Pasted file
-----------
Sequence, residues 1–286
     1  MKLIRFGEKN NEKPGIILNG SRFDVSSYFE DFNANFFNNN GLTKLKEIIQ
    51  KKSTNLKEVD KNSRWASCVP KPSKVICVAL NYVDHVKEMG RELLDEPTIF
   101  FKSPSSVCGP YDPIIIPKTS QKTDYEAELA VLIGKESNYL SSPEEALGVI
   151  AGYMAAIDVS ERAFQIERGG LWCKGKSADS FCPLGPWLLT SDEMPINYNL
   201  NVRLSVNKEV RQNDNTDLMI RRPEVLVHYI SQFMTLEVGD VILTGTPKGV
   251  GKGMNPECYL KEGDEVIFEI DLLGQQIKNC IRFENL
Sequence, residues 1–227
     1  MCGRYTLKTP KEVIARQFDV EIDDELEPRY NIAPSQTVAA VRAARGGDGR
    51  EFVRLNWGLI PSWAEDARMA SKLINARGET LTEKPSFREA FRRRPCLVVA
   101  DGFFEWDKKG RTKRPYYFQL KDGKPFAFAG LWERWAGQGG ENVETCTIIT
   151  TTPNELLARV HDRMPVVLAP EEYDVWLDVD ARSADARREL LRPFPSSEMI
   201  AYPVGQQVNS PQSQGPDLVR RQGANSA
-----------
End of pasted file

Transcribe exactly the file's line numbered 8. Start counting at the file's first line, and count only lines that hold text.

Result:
Sequence, residues 1–227